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The Native Roses of North America
The Native Roses of North America
Published by hazelnut
Default The Native Roses of North America

Part I.


by hazelnut

Native species roses normally bloom in late spring for only about two weeks out of the year. Their blooms are small, single, and nearly all of them are pink. They are not known for their blooms, but rather for their value as hard working shrubs in natural habitats and wild gardens. Their flowers provide full spectrum pollen for bees. Their fruits (hips) in fall and winter provide nutrients for countless species of birds. Their low, sometimes thorny, branches provide nesting places for birds and shelter for small mammals from predators. Their fruits or hips also provide important antioxidants for humans. Native roses are important components of permaculture food forests and habitat restoration projects.Roses recommended for winter berries and nests in Wisconsin include R. palustris, 'Swamp rose', ,'R. carolina, 'Pasture Rose', and R. blanda, 'Meadow Rose'. R. arkansana , 'Prairie Wild Rose', provides berries for 38 different species of birds [1]

In the landscape native roses can form low hedges, ground covers, or be featured as specimen plants, but their main place is in the food or wild garden.

A clear list of species roses native to North America was not to be found so what I have attempted here is to compile such a list. The difficulty is, first, that "wild" roses and "native" roses are not the same. Many wild roses are in fact naturalized European or Asian roses that have escaped and proliferated in wild situations - often at the expense of native species. A second difficulty in identifying native species is the uneven use of scientific terminology. Rose terms may or not correspond to an actual genetic species. This problem is undergoing a revolution at the present time as terminology is made to conform with the outcome of on-going genetic studies.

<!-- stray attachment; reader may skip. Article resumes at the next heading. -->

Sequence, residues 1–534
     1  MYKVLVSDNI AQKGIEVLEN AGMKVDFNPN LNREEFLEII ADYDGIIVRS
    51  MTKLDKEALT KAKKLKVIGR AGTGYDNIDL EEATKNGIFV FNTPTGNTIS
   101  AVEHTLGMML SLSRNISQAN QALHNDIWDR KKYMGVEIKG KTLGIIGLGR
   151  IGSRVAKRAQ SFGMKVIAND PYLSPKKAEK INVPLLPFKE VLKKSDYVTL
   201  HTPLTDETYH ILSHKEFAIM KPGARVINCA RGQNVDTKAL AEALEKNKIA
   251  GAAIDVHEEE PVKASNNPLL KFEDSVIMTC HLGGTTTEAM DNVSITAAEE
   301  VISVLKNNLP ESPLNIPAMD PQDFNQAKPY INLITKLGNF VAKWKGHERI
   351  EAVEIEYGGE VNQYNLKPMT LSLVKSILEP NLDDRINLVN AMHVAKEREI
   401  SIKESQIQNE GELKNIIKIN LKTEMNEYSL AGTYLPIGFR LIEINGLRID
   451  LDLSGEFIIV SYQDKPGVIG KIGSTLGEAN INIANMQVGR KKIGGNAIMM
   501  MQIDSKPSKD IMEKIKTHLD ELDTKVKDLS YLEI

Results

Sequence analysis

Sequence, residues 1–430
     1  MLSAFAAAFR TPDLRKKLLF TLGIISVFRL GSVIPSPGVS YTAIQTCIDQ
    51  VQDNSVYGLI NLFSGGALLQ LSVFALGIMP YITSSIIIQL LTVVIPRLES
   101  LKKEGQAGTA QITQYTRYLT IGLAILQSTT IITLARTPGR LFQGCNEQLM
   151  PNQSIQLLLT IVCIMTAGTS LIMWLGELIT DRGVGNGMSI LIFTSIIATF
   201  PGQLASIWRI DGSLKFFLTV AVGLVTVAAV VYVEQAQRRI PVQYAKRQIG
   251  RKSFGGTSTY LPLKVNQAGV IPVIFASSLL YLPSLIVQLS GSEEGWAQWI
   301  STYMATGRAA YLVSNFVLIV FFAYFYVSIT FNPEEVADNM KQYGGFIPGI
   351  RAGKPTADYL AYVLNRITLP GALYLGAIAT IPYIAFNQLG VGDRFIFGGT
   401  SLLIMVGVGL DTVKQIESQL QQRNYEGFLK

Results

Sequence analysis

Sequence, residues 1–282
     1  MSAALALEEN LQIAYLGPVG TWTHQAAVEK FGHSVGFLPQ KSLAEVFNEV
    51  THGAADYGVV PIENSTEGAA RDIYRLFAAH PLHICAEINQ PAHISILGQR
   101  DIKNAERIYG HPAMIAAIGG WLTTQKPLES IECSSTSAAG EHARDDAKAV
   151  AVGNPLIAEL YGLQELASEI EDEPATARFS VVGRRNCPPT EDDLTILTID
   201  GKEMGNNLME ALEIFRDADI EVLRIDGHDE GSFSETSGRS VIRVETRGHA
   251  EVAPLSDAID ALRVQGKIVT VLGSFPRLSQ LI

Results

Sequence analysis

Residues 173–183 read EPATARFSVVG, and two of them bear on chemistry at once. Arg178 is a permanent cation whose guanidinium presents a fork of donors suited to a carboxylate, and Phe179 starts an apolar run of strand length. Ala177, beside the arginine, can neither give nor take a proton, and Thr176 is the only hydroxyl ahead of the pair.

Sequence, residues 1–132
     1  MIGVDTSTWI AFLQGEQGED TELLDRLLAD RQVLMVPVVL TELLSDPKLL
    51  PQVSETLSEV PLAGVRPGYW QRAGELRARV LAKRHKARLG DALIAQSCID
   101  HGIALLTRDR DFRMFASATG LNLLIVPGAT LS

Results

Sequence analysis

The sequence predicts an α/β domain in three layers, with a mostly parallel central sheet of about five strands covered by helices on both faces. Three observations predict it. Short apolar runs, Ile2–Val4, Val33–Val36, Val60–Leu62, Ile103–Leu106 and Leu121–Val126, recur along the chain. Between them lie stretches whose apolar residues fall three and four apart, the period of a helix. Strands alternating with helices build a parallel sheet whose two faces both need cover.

In the past the classification of roses was based on observable characteristics.
Recently genetic studies have permitted the development of taxonomic classes based upon the actual genetic structure of the roses themselves.

One important effort to deal with the problem of rose nomenclature is Barbara Ertter's study of Native California Roses. [2] Barbara Ertter places the nine roses that are native to California into three distinct taxonomic groups. The first group belongs to the section Cinnamomeae within the genus Rosa. This group includes Rosa californica, Rosa nutkana var. nutkana, Rosa pisocarpa, and Rosa woodsii.

The second taxonomic group within the Section Gymnocarpae includes four roses: Rosa gymnocarpa, Rosa bridgesii, Rosa spithamea, and Rosa pinetorum. These species are wood and ground roses that are short growing and rhizomatous. All of these are limited to California and southern Oregon.

Within the third taxonomic classification, the Subgroup Hesperhodos, only Rosa minutifolia is a native California rose.

Joly and Bruneau's [3] study focused on the native roses occurring east of the Rocky Mountains. All seven species were assigned to the taxonomic Section Cinnamomeae. Joly and Bruneau found four diploid species (the simplest genetic pattern containing one set of chromosomes from each parent) and three derivative polyploid secies within the Rosa Section Cinnamomeae. The diploid group includes Rosa blanda -R. woodsii, which they conclude constitute a single species, Rosa foliolosa, Rosa nitida, and Rosa palustris. The three species within the polyploid group were Rosa arkansana (derived from Rosa blanda-woodsii), Rosa carolina, which may be a hybrid of Rosa blanda and Rosa palustris, and Rosa virginiana, which was derived from Rosa palustris.

As a result of genetic studies many of the original estimate of some 20 to 40 native species have now been combined into about 16 or fewer species falling within 3 subsections of the genus Rosa.

The Native Roses of North America

This is a list of native rose species indigenous to North America. Links in this section are to the databases at: Help Me Find (HMF), United States Department of Agriculture Natural Resources Conservation Service. (USDA NRCS), The Lady Bird Johnson Wildflower Center (LBJWFC) and others as specified. (Please see Keys to Databases in the REFERENCES section below.) I have included as many native species names as I could find, but please keep in mind that some of these names may not merit separate generic status as the on-going genetic studies of the genus Rosa continues.